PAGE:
Those products often have a higher interest rate because the lender has nothing to hold as collateral, says Andrew Prince, a financial planner at deVere Acuma financial consultancy in Dubai.
But not enough people considerhow high the rates are.
“Using a credit card as an example, you can spend each month and pay a portion off, but the interest will be charged on the whole amount. Interest rates on credit cards can be up to 40 per cent per year, but is likely to be shown as 2 per cent per month. You may not realise the true cost of the borrowing, and then over time the debt builds up to a point that it is difficult to repay,” says Mr Prince.
Once people start struggling to service their debts, they take on more credit to solve the problem.
“It’s human behaviour in which we try to find solutions for our problems,” says Ms Musa. “If someone has a loan or a few credit cards and it’s getting hard to pay them off, they take a loan to pay off the guys after them so that loan becomes new again. Then they start to struggle with this loan, so they take another loan to pay it off. That’s how you get into a spiral of debt.”
This is how Mrs Olivera’s liabilities spun out of control. After returning to work following the first stroke, she struggled with depression and an ongoing weakness on her right side. Then last month she suffered another stroke.
“That’s when I realised things were not working,” says Mr Olivera. “So I decided I should not make her work.”
Mr Olivera resigned on his wife’s behalf. Within days Mrs Olivera had recovered enough to want to rescind it, but her employer refused on medical grounds. Her first stroke had altered her personality, it said, leaving her mentally unstable at times and often volatile, shouting at her colleagues.
Because of this, Mrs Olivera is unlikely to return to full-time employment, leaving her husband to support her and their two children and settle their debts.
So what can be done to stop more people falling into a similar trap?
“We have already started to take out bureau reports for some customers,” says Tooran Asif, head of personal banking at Mashreq.
“What we see is that the majority of the customers who do get into financial straits are people who have lost their jobs or are in transition from one job to another job.”
This is how Ankit Thapa, a 25-year-old Nepalese sales merchandiser living in Dubai who asked for his name to be changed, got into difficulty.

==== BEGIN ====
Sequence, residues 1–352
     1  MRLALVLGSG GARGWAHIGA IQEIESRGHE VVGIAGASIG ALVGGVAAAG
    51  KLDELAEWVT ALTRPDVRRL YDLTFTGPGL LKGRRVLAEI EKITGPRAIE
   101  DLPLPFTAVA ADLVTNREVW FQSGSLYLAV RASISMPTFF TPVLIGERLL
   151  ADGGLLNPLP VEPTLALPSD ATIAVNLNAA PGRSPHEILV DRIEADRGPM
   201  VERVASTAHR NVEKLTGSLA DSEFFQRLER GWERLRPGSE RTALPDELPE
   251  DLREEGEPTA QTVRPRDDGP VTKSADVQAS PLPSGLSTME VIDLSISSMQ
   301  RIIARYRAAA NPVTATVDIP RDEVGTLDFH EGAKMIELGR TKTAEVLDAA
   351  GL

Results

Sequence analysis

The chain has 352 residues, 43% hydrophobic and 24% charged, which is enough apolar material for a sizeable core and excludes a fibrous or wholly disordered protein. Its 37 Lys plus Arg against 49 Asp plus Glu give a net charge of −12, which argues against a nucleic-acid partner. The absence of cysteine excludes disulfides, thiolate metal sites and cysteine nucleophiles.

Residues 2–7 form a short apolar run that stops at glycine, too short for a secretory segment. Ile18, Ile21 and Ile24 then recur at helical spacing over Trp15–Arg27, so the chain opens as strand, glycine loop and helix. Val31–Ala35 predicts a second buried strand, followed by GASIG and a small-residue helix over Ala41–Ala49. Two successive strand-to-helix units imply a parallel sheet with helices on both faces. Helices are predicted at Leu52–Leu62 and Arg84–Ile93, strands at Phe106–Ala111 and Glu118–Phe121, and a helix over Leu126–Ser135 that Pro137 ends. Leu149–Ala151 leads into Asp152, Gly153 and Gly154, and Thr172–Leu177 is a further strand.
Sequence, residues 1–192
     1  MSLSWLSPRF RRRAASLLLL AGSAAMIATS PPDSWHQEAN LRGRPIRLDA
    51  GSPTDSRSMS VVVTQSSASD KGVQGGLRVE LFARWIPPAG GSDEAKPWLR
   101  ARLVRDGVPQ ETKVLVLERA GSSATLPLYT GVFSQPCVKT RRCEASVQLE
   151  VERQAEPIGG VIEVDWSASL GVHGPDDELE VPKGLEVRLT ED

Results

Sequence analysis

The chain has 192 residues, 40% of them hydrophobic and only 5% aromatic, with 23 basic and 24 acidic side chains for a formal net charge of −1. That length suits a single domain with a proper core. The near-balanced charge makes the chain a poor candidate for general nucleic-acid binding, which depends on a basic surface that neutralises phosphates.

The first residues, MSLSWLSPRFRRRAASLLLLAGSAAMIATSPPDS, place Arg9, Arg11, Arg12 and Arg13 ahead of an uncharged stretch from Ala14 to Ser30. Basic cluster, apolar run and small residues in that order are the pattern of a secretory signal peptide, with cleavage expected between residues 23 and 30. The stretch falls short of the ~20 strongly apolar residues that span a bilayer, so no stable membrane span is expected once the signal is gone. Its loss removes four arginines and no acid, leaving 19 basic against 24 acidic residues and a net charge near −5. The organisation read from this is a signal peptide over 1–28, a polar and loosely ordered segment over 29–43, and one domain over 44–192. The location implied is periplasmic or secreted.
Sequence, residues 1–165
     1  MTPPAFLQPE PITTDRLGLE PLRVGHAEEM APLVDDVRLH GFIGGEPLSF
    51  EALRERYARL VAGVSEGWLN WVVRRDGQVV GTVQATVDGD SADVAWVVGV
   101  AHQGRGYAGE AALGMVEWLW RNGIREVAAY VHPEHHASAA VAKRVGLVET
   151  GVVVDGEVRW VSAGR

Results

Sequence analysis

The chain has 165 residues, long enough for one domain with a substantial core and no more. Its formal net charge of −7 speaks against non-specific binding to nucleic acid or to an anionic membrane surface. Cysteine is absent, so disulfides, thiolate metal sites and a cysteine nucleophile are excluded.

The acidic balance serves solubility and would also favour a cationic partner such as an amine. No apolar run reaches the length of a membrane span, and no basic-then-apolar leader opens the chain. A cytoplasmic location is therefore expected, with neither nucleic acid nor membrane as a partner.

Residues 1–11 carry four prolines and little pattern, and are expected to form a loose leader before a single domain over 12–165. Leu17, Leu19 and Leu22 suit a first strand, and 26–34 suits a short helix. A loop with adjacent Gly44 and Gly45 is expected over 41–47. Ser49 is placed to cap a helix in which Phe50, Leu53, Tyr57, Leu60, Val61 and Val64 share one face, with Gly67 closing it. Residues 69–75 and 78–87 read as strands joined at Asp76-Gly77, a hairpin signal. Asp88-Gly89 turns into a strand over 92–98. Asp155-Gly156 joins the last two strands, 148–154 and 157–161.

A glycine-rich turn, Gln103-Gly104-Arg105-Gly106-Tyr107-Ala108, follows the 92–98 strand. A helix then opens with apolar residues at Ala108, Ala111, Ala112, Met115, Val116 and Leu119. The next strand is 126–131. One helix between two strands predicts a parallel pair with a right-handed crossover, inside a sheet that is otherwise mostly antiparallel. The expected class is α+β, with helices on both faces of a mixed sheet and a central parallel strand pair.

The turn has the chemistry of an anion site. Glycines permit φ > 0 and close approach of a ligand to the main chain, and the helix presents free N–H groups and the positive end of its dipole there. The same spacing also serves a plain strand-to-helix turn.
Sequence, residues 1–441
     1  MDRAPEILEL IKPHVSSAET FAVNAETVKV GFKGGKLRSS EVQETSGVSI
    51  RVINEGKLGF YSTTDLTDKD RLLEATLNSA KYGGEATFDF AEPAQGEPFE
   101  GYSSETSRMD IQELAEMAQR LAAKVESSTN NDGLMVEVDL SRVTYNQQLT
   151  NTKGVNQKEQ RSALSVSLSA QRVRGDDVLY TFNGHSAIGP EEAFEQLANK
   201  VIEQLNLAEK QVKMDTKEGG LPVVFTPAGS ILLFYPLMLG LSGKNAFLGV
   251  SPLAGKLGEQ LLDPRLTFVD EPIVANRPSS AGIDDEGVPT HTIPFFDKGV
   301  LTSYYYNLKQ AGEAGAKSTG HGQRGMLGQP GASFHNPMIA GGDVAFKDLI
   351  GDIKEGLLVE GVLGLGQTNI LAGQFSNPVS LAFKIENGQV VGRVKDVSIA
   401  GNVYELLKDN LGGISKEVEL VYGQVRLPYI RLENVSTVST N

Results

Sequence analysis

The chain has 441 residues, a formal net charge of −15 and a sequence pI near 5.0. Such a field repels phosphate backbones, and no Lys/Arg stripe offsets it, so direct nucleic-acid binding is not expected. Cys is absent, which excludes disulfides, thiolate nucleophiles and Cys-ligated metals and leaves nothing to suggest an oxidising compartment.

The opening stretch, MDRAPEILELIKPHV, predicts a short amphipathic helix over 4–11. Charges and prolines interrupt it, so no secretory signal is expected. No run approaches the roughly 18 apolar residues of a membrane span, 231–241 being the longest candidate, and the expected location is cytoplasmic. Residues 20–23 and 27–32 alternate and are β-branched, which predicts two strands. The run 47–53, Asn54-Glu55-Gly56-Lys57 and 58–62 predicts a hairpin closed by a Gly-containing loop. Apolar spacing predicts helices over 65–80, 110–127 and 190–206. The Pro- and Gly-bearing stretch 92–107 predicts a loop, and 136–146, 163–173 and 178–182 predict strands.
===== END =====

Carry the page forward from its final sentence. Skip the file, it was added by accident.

He took out a Dh42,000 loan from a bank in March on a salary of Dh3,700 to shore up his family’s home in Nepal, which was made of wood and mud.
But the house was destroyed by the earthquake that struck in April before his family could finish the work.
“There is nothing there. I can prove that. I have papers,” says Mr Thapa, who has lived in Dubai for 18 months and used to send the majority of his income home.
“My brother is dead. My family couldn’t even find his body. My mum, dad and my sister are living in tents right now.”
He asked his employer for a month’s leave to support his family, but the company refused.
“My performance suffered. They gave me two warning letters and then asked me to resign or be sacked. They told me I if I got sacked I would only get the salary of that month, but if I resigned I would get one month’s salary plus one year’s leave salary and one month’s grace period to look for a new job, so I took up that offer and I resigned.” However, he has been unable to find a new job and his grace period is almost up. He has been too scared to inform his bank about his situation, although he fully expects it to be in touch when his visa is cancelled within the next week.
Mr Olivera, on the other hand, has contacted the banks that loaned his wife money.
He is waiting to hear the outcome of an official petition to Emirates Islamic Bank to waive the amount she owes on a loan and credit card because of her health. Some of the banks have already refused this option and insisted she has to pay the money back.
But Mr Olivera does not have the money to cover the repayments, her medical bills and the cost of caring for his family.
“I have two kids, a 12-and-a-half year-old daughter and a 11-and-a-half-year-old son. My salary is going toward day-to-day expenses,” he says.
“And I too have debt. I have two loans and one credit card, because as you can imagine I have been shouldering all of the medical bills without anyone’s help.”